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Readers reach out to couple, ill baby

May get help they need to stay in Canada

Hey there, time traveller!
This article was published 18/7/2014 (1101 days ago), so information in it may no longer be current.

A Polish couple trying to stay and work in Canada so their baby born with a heart defect can receive treatment here finally got a pleasant surprise.

Since their story appeared in Thursday's Free Press, readers including a federal MP and a provincial immigration program have reached out to the parents of five-month-old Antoni, said his dad, Ernest Dlutek.

Ernest Dlutek and his wife, Justyna Pikiewicz, in their tiny north Main Street apartment with their son, Antoni. He was born with a heart condition that will require advanced care.


Ernest Dlutek and his wife, Justyna Pikiewicz, in their tiny north Main Street apartment with their son, Antoni. He was born with a heart condition that will require advanced care.

MP Joy Smith


MP Joy Smith

"We are really shocked because of all that response," said Dlutek, 29. He and Justyna Pikiewicz, 27, arrived in April 2013 on a one-year work visa to see if Canada was a place with a future for them.

'We are really shocked because of all that response'-- Ernest Dlutek

Ten months later, their son, Antoni, was born with a congenital heart defect. He was flown to Edmonton for surgery five days after his Feb. 21 birth, had surgery there again June 4 and will need more specialized procedures until the otherwise-healthy baby's heart is OK.

Because Antoni was born in Canada, he is a Canadian citizen whose health care is covered by Manitoba Health. His parents, however, have no status in Canada. Their work visas expired in April -- if they can't stay and work, they and their baby have to return to Poland where Antoni can't get the heart care he needs.

His pediatric cardiologist wrote to Citizenship and Immigration Canada saying it could be quite "disastrous" for the baby if his parents aren't able to stay and work in Canada, where Antoni can get "the timely followup and interventions" he needs. Citizenship and Immigration rejected their applications for work-visa extensions.

The story of their plight caught people's attention, and readers responded with help.

"It looks like something has moved forward," Dlutek said Friday after meeting with Winnipeg MP Joy Smith (Conservative-Kildonan-St. Paul).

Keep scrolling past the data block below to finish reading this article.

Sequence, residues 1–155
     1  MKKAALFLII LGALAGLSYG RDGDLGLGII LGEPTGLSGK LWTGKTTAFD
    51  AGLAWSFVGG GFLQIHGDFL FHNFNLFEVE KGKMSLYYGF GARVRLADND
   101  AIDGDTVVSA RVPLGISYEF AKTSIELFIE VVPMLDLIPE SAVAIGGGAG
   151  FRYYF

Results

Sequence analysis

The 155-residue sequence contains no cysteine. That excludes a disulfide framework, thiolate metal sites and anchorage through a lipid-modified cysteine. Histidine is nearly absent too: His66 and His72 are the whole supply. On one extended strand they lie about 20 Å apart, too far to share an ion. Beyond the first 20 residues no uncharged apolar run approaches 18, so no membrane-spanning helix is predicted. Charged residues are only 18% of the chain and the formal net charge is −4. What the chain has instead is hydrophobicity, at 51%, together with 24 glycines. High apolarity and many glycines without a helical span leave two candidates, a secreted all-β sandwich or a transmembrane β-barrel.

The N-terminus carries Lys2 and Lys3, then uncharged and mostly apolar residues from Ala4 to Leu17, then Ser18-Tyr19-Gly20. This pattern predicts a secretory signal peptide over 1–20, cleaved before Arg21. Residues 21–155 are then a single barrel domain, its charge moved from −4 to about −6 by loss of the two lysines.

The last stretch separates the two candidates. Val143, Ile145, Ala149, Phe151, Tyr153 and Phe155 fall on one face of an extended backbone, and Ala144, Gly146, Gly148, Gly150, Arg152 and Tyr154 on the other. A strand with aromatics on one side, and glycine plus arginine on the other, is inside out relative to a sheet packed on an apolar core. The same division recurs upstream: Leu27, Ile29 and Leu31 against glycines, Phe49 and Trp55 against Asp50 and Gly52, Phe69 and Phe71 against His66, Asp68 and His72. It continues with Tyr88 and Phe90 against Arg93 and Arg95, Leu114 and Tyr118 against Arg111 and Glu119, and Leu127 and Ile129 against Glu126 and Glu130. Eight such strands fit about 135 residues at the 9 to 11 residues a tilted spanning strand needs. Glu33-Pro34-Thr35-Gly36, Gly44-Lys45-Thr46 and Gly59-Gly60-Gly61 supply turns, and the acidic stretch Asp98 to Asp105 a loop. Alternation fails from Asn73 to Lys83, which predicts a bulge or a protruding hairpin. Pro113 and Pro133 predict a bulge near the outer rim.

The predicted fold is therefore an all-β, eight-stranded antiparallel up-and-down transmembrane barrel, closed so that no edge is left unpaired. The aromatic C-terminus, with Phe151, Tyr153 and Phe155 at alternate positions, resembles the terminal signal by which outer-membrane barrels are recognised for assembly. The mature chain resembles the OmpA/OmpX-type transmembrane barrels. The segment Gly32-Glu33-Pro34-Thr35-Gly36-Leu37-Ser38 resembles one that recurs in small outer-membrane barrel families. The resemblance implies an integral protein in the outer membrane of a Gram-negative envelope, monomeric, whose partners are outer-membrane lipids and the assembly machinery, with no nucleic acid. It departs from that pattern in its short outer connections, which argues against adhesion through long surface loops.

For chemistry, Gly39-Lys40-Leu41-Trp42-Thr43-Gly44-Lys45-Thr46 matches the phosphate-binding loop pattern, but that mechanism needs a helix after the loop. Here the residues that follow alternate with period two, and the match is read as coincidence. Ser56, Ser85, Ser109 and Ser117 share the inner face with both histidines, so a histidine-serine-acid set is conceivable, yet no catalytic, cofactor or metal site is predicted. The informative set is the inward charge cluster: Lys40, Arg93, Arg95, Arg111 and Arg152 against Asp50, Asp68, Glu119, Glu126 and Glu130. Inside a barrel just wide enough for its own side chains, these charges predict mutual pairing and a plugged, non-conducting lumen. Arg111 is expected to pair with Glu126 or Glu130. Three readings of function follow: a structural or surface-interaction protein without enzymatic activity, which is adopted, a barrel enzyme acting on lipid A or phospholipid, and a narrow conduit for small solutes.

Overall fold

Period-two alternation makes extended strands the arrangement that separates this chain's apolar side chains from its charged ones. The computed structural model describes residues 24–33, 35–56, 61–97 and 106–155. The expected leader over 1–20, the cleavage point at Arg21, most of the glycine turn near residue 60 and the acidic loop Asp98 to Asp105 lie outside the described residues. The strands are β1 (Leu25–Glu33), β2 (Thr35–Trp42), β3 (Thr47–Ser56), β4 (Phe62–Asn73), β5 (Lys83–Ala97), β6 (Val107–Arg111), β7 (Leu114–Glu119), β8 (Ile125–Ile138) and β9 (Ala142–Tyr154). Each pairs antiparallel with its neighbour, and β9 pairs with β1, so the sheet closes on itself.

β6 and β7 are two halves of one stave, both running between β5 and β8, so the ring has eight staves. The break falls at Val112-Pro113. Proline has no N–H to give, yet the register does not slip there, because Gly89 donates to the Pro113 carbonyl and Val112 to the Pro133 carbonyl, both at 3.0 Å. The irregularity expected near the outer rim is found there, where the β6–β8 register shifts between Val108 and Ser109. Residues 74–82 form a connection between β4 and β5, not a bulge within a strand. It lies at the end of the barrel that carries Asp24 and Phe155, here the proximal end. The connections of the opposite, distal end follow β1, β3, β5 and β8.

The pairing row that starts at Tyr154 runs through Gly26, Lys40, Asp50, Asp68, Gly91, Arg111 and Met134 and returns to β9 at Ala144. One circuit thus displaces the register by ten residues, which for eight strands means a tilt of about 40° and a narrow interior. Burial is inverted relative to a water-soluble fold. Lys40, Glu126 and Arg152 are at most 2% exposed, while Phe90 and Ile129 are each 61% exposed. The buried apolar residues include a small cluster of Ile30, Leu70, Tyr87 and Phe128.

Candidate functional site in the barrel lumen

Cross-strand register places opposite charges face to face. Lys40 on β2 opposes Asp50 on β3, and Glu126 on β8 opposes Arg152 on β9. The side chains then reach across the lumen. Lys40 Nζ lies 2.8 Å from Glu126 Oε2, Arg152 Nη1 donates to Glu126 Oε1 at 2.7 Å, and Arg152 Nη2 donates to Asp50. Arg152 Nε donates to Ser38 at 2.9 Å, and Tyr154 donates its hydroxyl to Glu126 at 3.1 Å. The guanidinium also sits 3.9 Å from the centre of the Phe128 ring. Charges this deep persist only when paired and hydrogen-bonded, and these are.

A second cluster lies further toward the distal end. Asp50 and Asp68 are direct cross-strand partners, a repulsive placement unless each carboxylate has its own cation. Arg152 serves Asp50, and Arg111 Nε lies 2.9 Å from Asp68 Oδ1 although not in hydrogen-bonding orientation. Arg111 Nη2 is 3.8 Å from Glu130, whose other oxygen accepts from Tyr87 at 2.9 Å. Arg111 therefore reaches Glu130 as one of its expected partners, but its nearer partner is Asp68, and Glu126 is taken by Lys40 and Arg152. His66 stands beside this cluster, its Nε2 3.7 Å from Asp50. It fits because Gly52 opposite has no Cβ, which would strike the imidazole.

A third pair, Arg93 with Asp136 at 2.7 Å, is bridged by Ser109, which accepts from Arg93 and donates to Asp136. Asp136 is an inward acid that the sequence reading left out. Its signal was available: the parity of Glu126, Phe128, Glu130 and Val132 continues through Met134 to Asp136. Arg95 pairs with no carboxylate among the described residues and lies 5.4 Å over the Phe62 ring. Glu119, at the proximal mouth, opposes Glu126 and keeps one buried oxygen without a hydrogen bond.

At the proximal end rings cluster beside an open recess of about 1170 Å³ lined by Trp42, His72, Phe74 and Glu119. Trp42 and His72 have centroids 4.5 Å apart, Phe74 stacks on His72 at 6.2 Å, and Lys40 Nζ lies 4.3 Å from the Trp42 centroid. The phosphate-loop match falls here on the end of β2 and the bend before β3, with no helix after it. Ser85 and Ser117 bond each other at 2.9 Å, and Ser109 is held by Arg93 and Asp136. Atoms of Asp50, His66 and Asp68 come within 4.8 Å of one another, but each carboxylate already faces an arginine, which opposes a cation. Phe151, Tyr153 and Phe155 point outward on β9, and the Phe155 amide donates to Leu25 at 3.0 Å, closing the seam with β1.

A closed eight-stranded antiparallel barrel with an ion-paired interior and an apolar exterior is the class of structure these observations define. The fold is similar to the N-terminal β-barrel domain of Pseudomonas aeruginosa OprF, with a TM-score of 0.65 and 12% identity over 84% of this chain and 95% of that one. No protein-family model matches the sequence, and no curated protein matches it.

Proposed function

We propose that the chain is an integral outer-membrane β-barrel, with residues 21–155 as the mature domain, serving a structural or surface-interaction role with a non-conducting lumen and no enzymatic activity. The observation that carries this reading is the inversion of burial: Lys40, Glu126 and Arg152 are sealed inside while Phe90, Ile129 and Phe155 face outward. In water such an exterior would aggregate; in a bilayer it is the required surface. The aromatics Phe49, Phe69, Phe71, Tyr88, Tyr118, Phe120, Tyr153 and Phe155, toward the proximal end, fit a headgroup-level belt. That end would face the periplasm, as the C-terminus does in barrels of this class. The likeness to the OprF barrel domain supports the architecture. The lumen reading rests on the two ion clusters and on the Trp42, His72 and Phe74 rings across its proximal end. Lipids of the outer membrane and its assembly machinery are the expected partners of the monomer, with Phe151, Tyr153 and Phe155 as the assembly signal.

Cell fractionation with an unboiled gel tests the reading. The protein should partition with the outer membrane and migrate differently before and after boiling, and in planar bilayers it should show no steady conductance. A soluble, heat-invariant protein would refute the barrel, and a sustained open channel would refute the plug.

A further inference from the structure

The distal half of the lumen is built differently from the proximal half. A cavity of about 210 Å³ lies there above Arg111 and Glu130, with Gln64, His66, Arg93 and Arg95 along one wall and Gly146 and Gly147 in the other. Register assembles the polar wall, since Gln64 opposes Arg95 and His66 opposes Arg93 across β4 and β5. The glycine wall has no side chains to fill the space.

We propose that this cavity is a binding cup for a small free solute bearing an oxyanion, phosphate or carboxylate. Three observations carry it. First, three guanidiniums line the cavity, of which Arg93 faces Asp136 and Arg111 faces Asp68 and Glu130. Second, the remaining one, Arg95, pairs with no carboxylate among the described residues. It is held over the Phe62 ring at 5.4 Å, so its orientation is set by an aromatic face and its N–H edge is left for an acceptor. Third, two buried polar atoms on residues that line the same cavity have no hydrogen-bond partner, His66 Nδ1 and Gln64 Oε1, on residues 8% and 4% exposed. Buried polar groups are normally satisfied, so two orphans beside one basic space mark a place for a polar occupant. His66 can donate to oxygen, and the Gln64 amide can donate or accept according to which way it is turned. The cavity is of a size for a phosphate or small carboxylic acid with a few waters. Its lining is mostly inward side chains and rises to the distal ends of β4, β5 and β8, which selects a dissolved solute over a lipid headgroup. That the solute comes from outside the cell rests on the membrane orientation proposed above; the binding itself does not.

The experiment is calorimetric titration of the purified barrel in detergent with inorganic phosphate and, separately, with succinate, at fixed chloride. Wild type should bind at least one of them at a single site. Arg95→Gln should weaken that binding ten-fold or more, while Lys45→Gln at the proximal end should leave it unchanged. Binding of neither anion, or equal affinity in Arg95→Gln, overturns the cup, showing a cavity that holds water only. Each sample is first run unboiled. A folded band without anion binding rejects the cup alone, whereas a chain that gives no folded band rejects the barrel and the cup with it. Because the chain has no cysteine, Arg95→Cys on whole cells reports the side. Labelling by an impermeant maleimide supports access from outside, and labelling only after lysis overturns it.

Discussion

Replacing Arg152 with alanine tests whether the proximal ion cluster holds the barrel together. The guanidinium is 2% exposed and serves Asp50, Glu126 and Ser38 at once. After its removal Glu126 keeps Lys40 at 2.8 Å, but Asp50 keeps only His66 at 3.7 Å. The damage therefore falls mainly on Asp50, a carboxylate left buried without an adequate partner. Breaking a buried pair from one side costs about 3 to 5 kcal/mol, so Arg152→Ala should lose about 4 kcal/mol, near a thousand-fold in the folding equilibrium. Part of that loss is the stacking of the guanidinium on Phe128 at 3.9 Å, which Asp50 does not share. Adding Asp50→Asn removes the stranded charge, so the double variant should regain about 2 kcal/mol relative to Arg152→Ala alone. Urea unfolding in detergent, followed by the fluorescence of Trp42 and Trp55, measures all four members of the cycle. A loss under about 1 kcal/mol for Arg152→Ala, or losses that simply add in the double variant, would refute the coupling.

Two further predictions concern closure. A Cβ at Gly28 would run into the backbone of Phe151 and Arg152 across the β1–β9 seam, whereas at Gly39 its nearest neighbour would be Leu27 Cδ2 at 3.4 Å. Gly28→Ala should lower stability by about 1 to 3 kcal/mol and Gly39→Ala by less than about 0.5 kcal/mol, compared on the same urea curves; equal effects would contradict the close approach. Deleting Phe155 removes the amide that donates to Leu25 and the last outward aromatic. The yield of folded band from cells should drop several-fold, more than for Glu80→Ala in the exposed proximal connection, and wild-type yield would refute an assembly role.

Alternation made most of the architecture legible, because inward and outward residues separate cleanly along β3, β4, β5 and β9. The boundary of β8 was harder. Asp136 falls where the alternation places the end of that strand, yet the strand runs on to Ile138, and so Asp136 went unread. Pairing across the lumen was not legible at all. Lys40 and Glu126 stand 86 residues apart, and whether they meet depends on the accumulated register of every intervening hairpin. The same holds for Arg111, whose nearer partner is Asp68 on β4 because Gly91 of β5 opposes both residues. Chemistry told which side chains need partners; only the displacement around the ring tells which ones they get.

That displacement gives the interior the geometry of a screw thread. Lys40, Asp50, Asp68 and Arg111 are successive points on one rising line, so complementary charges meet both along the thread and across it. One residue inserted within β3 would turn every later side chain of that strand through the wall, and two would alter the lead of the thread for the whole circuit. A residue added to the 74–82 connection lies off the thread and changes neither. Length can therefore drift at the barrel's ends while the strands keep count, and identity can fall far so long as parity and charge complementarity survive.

"We are happy that (she) responded to the article and wanted to meet with us and hear our story."

Dlutek said Smith knows someone who might have a job for him and would write a letter supporting a work-visa extension. "She told us she'd do anything she can to help."

The young family is to meet Monday with a representative of the Manitoba Provincial Nominee Program, the immigration program that selects skilled workers who plan to work and live with their families in Manitoba as permanent residents. The English-speaking couple went to the nominee program office earlier and explained their need to stay and work so their baby receives cardiac care. The person they spoke to then told them "there are rules" and they'd need $10,000 each, and $2,000 for Antoni, to qualify. They left the office dejected. After the story about their plight appeared in the Free Press, someone from the program reached out to the young family.

"That was quite unexpected," Dlutek said.

They've gratefully declined other offers.

"Some people want to support us financially," said Dlutek.

His young family is living in a tiny apartment off Main Street near downtown. Since their work permits expired and their savings ran out, they have been scraping by on money from family in Poland. They appreciate readers' offers of help but aren't ready to take money from well-meaning strangers just yet. "For now, I just thank them," said Dlutek, who hopes he can get back to work soon.

The financial strain, work-visa woes and concerns for baby Antoni's heart have been stressful but brought the couple closer together, he said.

"I'm sure it strengthens the relationship. We go through a whole lot of situations -- good, bad and really bad. Especially the last month. It was so hard."


Read more by Carol Sanders.


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